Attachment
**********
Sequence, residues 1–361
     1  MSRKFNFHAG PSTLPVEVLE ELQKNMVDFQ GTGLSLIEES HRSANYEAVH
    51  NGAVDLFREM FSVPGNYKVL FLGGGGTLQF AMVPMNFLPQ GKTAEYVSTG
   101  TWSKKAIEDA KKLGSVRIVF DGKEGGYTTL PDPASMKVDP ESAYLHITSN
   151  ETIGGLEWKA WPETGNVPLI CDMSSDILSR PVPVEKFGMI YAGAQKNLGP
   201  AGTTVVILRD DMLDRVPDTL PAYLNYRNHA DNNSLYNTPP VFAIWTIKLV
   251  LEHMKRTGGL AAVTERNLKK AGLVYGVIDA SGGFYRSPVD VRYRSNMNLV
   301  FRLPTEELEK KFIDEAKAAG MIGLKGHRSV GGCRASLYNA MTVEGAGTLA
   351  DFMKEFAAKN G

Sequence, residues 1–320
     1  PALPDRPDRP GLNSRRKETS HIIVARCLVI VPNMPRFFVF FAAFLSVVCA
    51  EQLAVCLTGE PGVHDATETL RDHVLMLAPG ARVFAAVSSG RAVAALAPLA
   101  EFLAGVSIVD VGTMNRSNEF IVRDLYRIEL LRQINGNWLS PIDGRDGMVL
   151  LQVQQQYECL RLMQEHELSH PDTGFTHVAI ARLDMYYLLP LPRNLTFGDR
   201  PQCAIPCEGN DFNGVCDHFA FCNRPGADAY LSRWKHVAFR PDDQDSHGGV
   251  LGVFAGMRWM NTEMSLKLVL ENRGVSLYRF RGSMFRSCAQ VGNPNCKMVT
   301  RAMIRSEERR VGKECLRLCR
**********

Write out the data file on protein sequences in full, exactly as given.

Sequence, residues 1–361
     1  MSRKFNFHAG PSTLPVEVLE ELQKNMVDFQ GTGLSLIEES HRSANYEAVH
    51  NGAVDLFREM FSVPGNYKVL FLGGGGTLQF AMVPMNFLPQ GKTAEYVSTG
   101  TWSKKAIEDA KKLGSVRIVF DGKEGGYTTL PDPASMKVDP ESAYLHITSN
   151  ETIGGLEWKA WPETGNVPLI CDMSSDILSR PVPVEKFGMI YAGAQKNLGP
   201  AGTTVVILRD DMLDRVPDTL PAYLNYRNHA DNNSLYNTPP VFAIWTIKLV
   251  LEHMKRTGGL AAVTERNLKK AGLVYGVIDA SGGFYRSPVD VRYRSNMNLV
   301  FRLPTEELEK KFIDEAKAAG MIGLKGHRSV GGCRASLYNA MTVEGAGTLA
   351  DFMKEFAAKN G

Sequence, residues 1–320
     1  PALPDRPDRP GLNSRRKETS HIIVARCLVI VPNMPRFFVF FAAFLSVVCA
    51  EQLAVCLTGE PGVHDATETL RDHVLMLAPG ARVFAAVSSG RAVAALAPLA
   101  EFLAGVSIVD VGTMNRSNEF IVRDLYRIEL LRQINGNWLS PIDGRDGMVL
   151  LQVQQQYECL RLMQEHELSH PDTGFTHVAI ARLDMYYLLP LPRNLTFGDR
   201  PQCAIPCEGN DFNGVCDHFA FCNRPGADAY LSRWKHVAFR PDDQDSHGGV
   251  LGVFAGMRWM NTEMSLKLVL ENRGVSLYRF RGSMFRSCAQ VGNPNCKMVT
   301  RAMIRSEERR VGKECLRLCR